Monday, February 10, 2014

Dried fruit truffles (a healthy, vegan, sugar free, slow carb snack that is much more delicious than it sounds!)


Girls are girls from the minute they enter this world, I don't care what they say about nature vs. nurture.

I never brought up my daughter as a girly girl and went as far as putting a ban on pink during my pregnancy and the first half year of her life. Admittedly, a phase that did not last very long, thanks to overeager relatives (she was and still is the only female in a pretty large group of cousins) and that unstoppable process that makes parents do a string of things they swore smugly they would never do before actually becoming one.

Nevertheless, my daughter has grown up wearing pants more than dresses and "sensible" colors so that certain clothing items can be passed down to her little brother when she grows out of them. When it comes to toys, we have never denied her Barbie dolls or princess accessories, but we try to keep a pretty gender neutral approach in general.
This has not mitigated the traits in her that are so often ascribed to the female population in the least. She is a real chatterbox, extremely curious, very observant (as in nothing goes unnoticed) and loves clothes, hair, make up and jewelry.  She has been known to make earrings out of stickers, paperclips, fruit and flowers and is always excited to receive the sparkly Disney merchandising I so abhor as presents. She is undeniably a girl. A jeans-clad, sneaker-wearing girl with a glittery soul.

If I wear an old sweater I haven't worn for a while I immediately get asked "Did you go shopping?". If she is in the kitchen doing her homework and I tell her brother off in the bedroom, you can bet your bottom dollar that her head will be sticking through the doorway, neck craning, to see what is happening. She can hear you say something from the other end of the apartment even if you think she is busy dancing and singing, and will come up and enquire about it with insistence. Discreet she is not.

She ooohs and aaaahs on the rare occasions I wear heels.

The other day, the minute I walked into the kitchen after getting ready, she looked up at the very thin stripe of eyeliner I had applied and exclaimed: "Mommy, that black line on your eyes is sooo pretty!". My son is still trying to find it.

I recently had to laugh when I had just stepped out of a hot shower and she commented "I love your hair like that, it looks great". All I saw reflected in the mirror were my flushed, shiny cheeks and wet, tangly hair.

Or there was that time in the car during a long drive when I sneaked a piece of sugarless spearmint gum into my mouth (gum is still a very rare treat for the kids), assuming she wouldn't notice since I was in the front seat and she was behind me. I quietly fished around in my bag, slowly lifted the gum into my mouth and chewed very quietly, looking ahead and feigning indifference. I was patting myself on the shoulder for not getting caught in the act when I heard her squeaky little voice from the back seat: Mommy! You're chewing gum. Can I have a piece, pleeeeaaaase? Pretty, pretty, pretty please?". Busted! When I asked her why she thought I was chewing gum she matter-of-factly replied: "I can smell it".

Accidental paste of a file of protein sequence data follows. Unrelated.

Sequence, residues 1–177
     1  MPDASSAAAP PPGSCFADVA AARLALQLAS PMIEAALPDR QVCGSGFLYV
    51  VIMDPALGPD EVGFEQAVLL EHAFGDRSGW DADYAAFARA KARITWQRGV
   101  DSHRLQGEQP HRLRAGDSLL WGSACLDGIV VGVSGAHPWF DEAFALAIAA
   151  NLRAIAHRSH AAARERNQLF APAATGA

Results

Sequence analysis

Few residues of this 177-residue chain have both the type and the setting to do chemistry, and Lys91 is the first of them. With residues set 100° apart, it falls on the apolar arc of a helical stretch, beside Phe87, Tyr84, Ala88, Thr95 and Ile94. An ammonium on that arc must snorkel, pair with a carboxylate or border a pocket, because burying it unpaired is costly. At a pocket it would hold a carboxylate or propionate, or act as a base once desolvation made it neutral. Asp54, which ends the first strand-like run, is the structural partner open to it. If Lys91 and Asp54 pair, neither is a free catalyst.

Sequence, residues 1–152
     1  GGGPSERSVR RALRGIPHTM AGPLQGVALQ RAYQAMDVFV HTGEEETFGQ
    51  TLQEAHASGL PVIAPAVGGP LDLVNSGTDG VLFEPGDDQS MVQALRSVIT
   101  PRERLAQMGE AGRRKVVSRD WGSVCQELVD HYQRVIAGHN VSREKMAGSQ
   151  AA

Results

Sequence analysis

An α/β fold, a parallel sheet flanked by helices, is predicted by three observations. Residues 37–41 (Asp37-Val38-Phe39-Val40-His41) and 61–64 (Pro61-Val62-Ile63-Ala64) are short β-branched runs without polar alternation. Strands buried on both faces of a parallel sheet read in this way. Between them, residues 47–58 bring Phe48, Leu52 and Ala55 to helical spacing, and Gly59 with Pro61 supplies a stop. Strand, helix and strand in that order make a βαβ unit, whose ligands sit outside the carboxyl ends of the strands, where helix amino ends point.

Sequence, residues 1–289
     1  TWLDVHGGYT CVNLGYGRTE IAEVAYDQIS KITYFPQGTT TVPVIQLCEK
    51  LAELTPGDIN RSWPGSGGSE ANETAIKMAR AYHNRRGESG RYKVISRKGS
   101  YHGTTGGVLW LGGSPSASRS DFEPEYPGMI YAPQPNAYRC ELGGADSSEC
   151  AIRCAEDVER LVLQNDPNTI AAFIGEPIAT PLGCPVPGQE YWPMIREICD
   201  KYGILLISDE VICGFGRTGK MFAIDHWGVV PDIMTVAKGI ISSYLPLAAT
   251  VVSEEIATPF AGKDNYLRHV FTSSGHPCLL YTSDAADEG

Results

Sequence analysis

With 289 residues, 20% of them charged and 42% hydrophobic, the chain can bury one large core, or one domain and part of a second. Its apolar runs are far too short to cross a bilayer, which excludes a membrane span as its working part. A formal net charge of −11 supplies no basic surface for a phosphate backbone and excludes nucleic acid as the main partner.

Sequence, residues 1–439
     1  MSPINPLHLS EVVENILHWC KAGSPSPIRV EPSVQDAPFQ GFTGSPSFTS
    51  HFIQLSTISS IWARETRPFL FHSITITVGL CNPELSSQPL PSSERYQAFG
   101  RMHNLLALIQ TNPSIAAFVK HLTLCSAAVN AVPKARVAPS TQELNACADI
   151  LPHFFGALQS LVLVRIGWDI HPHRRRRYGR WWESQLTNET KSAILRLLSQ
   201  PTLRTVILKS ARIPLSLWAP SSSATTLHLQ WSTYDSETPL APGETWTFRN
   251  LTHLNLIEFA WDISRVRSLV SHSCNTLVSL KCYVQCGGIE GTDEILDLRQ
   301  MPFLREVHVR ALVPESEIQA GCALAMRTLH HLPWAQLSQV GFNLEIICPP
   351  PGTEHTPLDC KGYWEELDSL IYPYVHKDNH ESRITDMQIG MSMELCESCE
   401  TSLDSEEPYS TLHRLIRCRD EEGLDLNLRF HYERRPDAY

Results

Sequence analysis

I wonder if she will notice how much healthy stuff is crammed into this little snack? Or that there isn't any sugar in sight?

Here are some healthy bites for before or after your work-out session, or to have for breakfast or a snack. They will boost your energy levels and help you get rid of that mid-afternoon sugar crave without the guilt. Yet they are good enough for your kids to like them.

This is recipe is loosely inspired by Not Quite Nigella (the second post this month!). The end result is quite different because I used what I had in the house, but Lorraine suggests that it is an extremely adaptable recipe, so I  followed her general amounts and swapped several of the ingredients. You can make these in 15 minutes, they do not involve any cooking and are a one-bowl recipe.

Later addition: turns out my son likes these enough to cram two of them in his mouth at a time and my daughter had quite a few after enquiring about the "dark bits". Can't wait to try the chocolate version next!
2 very ripe bananas, peeled and mashed
5 large dates, pitted and finely chopped
1/2 cup dried prunes, pitted and finely chopped
1 cup dessicated, unsweetened coconut
1 tbsp maple syrup
2/3-1cup oat bran
1 tsp vanilla extract
1/2 tsp cinnamon

Prepare a bowl with half of the coconut and set aside to garnish the balls.
Mash the bananas, add in the chopped dried fruit, the rest of the coconut and oat bran and then add the maple syrup and cinnamon. Shape into bite-size balls and roll into the coconut you set aside and serve or store in the fridge.





  1. Ooh yayy! I'm so glad that your kids liked them! I shared it on my facebook page. Thanks so much :D

  2. I like your and lorraine idea... Great healthy snack! I really have to try them! :)

  3. Lucky her to have a good mama for her role model!


    These look healthy and delicious to boot. YUM!

    Erina at

  4. Your daughter sounds gorgeous! I too have a son and a daughter and they are very, very, different. I love the look of these truffles and it's great they are so healthy and so adaptable to what you have on hand xx

  5. What a wonderful post. I know my husband really wanted a girl and he would have wanted one just like your daughter. I wonder if my sons would eat something so... healthy? I do love them though.


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